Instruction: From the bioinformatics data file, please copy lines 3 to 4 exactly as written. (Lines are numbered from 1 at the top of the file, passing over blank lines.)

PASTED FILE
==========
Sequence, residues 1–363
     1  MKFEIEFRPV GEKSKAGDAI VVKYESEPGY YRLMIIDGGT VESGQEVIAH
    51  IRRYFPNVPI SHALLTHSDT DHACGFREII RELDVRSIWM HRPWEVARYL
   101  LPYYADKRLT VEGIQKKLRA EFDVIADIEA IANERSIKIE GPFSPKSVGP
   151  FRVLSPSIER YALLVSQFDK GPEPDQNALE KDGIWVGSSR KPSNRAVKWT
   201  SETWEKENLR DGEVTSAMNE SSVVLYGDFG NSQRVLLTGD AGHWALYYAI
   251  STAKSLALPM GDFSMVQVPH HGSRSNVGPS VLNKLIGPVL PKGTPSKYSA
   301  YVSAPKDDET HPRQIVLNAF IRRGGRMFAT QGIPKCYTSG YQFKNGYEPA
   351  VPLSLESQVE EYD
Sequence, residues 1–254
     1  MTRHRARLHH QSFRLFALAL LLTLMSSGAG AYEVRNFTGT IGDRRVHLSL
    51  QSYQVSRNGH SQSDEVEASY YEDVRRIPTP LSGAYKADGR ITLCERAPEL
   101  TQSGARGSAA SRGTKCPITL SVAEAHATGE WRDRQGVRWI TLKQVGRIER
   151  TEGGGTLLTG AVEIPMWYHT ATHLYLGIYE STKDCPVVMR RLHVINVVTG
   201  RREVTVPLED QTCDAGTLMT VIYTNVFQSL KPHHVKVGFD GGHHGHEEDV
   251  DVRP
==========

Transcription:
    51  IRRYFPNVPI SHALLTHSDT DHACGFREII RELDVRSIWM HRPWEVARYL
   101  LPYYADKRLT VEGIQKKLRA EFDVIADIEA IANERSIKIE GPFSPKSVGP